Well after midnight, a fatigued and frustrated Chauncey Billups slumped in a chair at his house and reluctantly turned on SportsCenter, knowing what he was going to see. On the last day of May in 2007, the first hot night of the late spring in suburban Detroit, the Detroit Pistons lost a crushing overtime home game to the Cleveland Cavaliers and their precocious 22-year-old star, LeBron James. Billups watched the highlights showing James scoring 29 of his team's last 30 points to upset the Pistons in Game 5 of the Eastern Conference finals to take a stunning 3-2 series lead over the No. 1 seed Pistons, a team that had owned the Cavs over the previous few seasons. The behind-the-back escape dribble
The Heat, looking for another skilled young big man, quietly flew in at least four interesting draft prospects to team headquarters for private workouts this week, according to multiple sources. The Heat summoned Baylor 6-10 power forward Johnathan Motley, Indiana 6-10 center Thomas Bryant, and UCLA 6-10 power forward/center Ike Anigbogu. As we reported here Wednesday, the Heat also had California 6-10 power forward Ivan Rabb in for a workout. Bryant was matched against Anibogu in the workout, and Motley competed against Rabb. Aside from Rabb, none of the other three are projected to go as high as the Heat’s pick at No. 14, Miami’s only selection in the June 22 draft. But it’s possible the Heat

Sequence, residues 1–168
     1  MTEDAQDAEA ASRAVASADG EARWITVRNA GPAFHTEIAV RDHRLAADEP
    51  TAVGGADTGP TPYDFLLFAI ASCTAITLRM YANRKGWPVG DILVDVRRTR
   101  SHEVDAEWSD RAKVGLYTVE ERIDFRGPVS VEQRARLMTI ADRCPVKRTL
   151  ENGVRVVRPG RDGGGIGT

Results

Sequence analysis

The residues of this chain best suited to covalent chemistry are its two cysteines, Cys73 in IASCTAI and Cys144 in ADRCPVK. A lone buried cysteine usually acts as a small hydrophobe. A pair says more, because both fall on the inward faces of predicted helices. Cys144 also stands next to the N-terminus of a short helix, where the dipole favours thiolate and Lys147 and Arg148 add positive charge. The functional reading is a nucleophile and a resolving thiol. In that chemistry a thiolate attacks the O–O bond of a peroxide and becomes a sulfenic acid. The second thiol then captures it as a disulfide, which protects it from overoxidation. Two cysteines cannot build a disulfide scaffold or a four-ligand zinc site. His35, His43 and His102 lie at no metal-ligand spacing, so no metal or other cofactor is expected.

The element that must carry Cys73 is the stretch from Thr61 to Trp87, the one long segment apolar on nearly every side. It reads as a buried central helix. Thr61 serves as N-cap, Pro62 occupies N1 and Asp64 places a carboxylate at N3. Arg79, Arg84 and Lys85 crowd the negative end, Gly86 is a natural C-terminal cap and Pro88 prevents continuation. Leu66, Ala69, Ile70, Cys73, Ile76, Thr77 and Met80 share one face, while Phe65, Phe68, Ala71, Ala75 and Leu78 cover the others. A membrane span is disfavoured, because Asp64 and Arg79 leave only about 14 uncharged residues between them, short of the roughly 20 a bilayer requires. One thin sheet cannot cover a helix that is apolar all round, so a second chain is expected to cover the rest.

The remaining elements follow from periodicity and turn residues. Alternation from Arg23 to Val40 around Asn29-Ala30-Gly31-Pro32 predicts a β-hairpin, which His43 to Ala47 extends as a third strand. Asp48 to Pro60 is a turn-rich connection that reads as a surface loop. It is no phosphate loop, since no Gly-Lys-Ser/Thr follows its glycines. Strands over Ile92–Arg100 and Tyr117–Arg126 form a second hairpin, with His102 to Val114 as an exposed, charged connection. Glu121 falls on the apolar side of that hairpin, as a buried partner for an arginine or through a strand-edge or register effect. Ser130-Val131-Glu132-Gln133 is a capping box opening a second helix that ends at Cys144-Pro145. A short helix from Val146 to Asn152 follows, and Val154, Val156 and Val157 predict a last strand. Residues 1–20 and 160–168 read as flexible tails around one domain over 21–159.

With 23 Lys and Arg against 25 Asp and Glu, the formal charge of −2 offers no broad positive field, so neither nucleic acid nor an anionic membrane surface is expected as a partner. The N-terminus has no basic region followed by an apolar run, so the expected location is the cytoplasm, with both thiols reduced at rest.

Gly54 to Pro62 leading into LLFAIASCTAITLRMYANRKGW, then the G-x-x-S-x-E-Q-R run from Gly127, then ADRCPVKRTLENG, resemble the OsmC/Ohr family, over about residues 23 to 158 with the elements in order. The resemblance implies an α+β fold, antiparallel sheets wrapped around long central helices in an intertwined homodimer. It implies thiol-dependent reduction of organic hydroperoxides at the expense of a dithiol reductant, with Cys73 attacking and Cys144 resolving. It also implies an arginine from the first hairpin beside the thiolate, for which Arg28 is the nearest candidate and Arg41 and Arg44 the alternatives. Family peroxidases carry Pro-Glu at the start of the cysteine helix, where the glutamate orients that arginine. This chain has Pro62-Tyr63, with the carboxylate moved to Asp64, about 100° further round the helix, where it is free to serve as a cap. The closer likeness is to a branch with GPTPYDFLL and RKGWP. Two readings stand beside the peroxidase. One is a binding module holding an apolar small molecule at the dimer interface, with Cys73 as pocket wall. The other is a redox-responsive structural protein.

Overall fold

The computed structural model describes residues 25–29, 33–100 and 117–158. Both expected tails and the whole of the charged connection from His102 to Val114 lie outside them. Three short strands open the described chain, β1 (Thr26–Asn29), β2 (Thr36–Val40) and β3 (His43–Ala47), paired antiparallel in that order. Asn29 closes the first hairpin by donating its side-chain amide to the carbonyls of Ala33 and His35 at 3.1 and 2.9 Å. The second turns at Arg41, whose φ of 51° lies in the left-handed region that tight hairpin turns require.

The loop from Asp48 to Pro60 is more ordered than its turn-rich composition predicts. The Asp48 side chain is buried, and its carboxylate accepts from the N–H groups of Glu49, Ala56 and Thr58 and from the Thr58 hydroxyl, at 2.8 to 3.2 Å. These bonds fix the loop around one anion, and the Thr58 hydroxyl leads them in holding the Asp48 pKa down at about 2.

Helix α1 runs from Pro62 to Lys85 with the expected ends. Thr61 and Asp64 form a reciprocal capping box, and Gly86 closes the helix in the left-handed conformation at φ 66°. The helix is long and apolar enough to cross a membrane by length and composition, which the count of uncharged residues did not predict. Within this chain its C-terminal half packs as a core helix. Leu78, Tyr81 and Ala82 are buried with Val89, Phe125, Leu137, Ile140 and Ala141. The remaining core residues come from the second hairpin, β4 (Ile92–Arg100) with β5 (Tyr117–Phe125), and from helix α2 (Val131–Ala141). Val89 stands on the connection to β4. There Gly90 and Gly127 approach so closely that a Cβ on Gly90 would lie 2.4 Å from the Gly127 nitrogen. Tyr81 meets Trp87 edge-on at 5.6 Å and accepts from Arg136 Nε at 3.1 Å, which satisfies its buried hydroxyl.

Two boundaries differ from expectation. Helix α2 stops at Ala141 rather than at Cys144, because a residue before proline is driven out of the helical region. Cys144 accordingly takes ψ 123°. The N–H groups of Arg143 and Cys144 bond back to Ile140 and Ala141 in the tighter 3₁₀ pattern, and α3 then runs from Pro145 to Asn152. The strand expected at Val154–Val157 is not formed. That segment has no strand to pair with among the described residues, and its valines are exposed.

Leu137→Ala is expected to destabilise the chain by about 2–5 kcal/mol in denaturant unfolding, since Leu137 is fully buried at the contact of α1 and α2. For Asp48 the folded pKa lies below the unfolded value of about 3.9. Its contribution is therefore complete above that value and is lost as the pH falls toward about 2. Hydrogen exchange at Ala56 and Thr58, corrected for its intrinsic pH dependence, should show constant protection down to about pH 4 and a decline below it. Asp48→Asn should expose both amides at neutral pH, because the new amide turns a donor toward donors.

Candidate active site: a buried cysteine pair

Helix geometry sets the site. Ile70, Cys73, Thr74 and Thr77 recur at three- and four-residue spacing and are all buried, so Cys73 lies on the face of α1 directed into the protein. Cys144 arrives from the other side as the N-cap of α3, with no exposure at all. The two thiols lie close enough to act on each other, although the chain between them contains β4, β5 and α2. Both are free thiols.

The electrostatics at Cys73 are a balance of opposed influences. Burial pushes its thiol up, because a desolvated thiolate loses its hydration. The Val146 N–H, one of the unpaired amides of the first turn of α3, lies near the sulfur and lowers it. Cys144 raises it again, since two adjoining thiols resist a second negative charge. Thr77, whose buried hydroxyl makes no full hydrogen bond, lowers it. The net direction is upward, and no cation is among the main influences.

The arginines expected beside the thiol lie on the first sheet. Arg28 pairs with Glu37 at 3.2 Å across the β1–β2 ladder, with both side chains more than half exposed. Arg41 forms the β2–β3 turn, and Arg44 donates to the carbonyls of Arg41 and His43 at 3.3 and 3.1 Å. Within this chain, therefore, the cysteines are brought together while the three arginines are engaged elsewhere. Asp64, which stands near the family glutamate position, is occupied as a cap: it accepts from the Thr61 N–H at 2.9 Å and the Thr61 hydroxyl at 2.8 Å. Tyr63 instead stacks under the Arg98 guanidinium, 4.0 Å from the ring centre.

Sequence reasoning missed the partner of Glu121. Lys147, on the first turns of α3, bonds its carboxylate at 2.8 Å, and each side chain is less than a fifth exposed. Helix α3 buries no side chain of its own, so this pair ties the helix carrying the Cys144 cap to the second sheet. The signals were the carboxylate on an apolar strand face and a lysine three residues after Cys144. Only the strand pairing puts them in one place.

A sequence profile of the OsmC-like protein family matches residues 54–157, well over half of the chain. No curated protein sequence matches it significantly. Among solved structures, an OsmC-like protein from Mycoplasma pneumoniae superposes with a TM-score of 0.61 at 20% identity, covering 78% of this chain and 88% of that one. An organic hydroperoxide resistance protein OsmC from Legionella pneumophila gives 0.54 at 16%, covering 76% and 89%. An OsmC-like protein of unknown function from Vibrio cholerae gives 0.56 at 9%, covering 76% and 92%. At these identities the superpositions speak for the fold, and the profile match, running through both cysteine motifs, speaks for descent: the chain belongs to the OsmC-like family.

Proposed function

Mike Brown, standing in for Golden State coach Steve Kerr as the Warriors head into an unprecedented NBA championship rubber match with Cleveland, is downplaying his complicated Cavaliers connections. Brown has been at the helm as the Warriors stormed unbeaten through the first three rounds of the playoffs with Kerr sidelined by debilitating symptoms stemming from back surgery two years ago.